A three day course that covers advanced concepts from Billy Godbold’s 25+ years of competition valvetrain design and development experience PLUS 2018 AETC National Engine Builder of the Year, Ben Strader’s experience with high RPM engines like “Project Spinal Tap” and his dominating 400″ Small Block Ford combinations that win races with durability and reliability.
This is your chance to peek behind the curtain and unshroud the mystery of camshaft lobe design, selecting event timing, optimizing the system stiffness and translating the camshaft intent to the valve through understanding and manipulating your rocker arm geometry.
WHAT TO EXPECT DURING THE COURSE:
We will address issues related to each of these subjects over a 3 day period while we carefully investigate a high-rpm, drag-race competition engine by using data from Combustion Analysis and Dynamic Valve Motion measurement from EFI University’s unique Spintron capabilities.
While we work our way through the camshaft design process, we will take many opportunities to understand the critical concept that we have a “series of dependent events” conspiring against us and any change we affect in one event can have adverse effects on other events or components.
While examining the camshaft selection process we will explore ways to maximize airflow, increase Volumetric Efficiency and reduce pumping losses starting from the beginning and analyzing each and every critical component in the system.
We will begin by placing special emphasis on understanding the role of the camshaft as the “Conductor” of the engine’s symphony, and explore the terminology and fundamental design issues when selecting lobe families for a given engine application.
Next, we begin to understand the relationship of the four camshaft “events” relative to what is happening in the four stroke cycle, by comparing graphical data captured in combustion analysis software packages. By the end of this section, you’ll begin to see why selecting a camshaft based on “Lobe Separation Angle” or “LSA” is really a backwards approach and should never be used a our target, but rather the consequence of the chosen opening an closing points.
Once we understand how to get the camshaft to tell the rest of the engine what it wants, we will begin looking at how the valvetrain can be better prepared to actually carry out those commands and we’ll investigate ways to compare rocker arms, valve springs, pushrods and other system components via graphs developed on our Spintron over years of testing and data collection.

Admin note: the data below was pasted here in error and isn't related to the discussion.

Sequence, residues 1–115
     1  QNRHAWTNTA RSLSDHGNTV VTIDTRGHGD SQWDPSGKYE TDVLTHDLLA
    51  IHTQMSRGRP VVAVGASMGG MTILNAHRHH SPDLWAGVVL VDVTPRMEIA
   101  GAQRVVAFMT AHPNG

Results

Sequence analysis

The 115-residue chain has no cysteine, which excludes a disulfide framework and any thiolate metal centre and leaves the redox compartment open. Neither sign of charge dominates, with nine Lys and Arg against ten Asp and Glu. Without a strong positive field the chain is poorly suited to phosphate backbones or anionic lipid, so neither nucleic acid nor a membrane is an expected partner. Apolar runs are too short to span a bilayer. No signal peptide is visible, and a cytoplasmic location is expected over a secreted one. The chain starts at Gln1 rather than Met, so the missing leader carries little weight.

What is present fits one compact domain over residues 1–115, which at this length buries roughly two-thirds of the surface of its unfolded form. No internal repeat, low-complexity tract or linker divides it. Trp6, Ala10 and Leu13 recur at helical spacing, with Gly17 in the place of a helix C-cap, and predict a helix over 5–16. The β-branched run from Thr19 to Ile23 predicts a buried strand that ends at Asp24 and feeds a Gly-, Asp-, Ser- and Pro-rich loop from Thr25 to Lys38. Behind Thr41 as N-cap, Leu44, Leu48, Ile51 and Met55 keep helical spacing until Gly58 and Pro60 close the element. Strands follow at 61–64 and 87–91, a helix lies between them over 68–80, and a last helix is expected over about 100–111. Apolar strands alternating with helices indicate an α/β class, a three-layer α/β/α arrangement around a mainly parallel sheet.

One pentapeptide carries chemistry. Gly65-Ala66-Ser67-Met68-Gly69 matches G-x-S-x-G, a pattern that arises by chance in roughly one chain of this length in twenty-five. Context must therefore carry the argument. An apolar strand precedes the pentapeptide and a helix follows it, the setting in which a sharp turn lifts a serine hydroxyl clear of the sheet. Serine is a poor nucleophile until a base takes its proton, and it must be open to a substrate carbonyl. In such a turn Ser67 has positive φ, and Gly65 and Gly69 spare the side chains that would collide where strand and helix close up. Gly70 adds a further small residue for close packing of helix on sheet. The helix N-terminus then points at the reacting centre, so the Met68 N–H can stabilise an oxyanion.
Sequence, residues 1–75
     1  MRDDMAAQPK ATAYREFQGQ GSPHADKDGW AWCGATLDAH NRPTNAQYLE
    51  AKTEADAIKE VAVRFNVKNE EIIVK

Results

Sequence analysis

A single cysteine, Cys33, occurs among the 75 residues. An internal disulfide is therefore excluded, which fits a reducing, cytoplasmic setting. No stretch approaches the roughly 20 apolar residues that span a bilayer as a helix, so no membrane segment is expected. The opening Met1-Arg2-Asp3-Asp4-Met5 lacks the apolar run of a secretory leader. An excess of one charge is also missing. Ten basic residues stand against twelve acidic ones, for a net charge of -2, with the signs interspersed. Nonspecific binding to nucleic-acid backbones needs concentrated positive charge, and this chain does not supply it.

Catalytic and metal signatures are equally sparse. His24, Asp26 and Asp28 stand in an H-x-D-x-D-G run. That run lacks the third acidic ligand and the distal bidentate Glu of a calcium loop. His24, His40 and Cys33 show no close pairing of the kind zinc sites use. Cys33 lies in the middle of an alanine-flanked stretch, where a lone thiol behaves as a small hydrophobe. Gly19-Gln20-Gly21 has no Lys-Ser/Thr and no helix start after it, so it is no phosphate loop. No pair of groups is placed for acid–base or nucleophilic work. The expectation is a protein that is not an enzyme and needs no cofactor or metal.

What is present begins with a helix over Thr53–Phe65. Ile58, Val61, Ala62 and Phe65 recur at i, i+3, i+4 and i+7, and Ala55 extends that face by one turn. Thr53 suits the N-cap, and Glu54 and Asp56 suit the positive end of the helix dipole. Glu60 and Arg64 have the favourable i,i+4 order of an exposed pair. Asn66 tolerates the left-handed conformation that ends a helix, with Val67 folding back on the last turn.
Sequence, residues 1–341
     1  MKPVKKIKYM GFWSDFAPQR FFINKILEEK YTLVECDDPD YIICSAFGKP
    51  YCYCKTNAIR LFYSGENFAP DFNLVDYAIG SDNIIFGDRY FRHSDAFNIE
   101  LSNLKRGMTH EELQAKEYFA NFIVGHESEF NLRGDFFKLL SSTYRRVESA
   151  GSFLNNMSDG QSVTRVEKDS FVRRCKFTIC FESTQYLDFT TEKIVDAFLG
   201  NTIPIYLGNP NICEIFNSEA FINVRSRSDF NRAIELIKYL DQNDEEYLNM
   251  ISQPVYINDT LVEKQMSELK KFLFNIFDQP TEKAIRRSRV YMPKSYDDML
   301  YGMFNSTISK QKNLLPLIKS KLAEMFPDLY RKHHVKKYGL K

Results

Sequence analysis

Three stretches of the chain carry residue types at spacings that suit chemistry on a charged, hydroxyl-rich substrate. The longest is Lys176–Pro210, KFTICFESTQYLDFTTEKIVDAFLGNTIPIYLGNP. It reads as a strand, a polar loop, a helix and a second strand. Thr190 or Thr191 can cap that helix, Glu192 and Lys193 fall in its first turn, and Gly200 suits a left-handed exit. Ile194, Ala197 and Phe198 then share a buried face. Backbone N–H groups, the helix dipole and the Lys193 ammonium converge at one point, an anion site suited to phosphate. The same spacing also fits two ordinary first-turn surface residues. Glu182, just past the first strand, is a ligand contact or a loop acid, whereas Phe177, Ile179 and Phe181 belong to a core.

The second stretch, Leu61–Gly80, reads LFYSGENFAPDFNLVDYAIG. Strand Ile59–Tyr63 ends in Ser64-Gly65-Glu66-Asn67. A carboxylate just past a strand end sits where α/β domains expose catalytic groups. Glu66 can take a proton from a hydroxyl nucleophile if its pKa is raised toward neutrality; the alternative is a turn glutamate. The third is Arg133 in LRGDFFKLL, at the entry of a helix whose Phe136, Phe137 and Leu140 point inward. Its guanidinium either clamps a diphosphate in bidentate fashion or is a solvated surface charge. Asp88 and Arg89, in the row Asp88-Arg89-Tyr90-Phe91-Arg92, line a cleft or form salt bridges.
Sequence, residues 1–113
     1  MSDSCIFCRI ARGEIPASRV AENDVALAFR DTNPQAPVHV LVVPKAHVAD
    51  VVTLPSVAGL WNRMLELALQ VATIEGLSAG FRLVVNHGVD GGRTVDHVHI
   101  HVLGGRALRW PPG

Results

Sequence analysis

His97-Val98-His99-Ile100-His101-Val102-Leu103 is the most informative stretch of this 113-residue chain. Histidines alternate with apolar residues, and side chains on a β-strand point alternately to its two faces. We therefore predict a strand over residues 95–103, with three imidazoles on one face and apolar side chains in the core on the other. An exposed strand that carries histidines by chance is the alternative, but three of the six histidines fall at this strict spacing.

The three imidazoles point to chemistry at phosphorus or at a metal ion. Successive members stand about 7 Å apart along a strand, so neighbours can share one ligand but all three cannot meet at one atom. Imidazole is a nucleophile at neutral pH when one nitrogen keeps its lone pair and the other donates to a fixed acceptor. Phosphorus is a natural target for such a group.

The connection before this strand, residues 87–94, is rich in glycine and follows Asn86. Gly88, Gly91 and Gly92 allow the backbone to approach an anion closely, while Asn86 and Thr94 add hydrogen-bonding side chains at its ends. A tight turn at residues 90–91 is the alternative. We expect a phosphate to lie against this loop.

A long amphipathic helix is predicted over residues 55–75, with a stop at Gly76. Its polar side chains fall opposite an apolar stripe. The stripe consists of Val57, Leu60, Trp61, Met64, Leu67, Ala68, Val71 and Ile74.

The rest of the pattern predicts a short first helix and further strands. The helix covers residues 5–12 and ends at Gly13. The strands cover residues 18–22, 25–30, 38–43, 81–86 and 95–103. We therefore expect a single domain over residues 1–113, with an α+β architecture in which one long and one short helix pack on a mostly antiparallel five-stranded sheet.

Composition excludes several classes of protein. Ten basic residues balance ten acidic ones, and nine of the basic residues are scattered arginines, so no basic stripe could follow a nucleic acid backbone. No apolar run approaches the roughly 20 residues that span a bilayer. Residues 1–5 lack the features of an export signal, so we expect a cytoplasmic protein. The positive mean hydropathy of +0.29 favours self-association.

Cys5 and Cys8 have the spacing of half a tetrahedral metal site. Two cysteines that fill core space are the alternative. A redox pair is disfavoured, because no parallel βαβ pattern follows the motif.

Finally, we’ll spend time exploring valve train geometry, how to measure it, and how to correct problems that crop up while we also discuss methods for setting up and checking the setup of the cylinder heads and valves themselves.
Students will have an opportunity to ask questions directly about projects they are working on and get insightful help from the experts.
This will be an action-packed 3 day crash course and offer a peek inside what the pro’s do to “develop” a competition valve train system.
All of the information covered in this class can be applied to ANY engine you build.
Students will learn:
Special emphasis will be placed on:
Students will also learn:
Our Advanced Valvetrain Development class not only dispels some of the magic and mystery of racing engine design, but our results speak for themselves on the track with the customers who WIN with our engines!
This 3-day class is only offered at our state-of-the-art training facility in Lake Havasu, Arizona and is limited to 12 students per class for an excellent student to teacher ratio.
Just consider the peace of mind you can get from your engine projects for less than the cost of a single rebuild.
Don’t build another engine until you attend this course!
Limited to 12 Students Per Class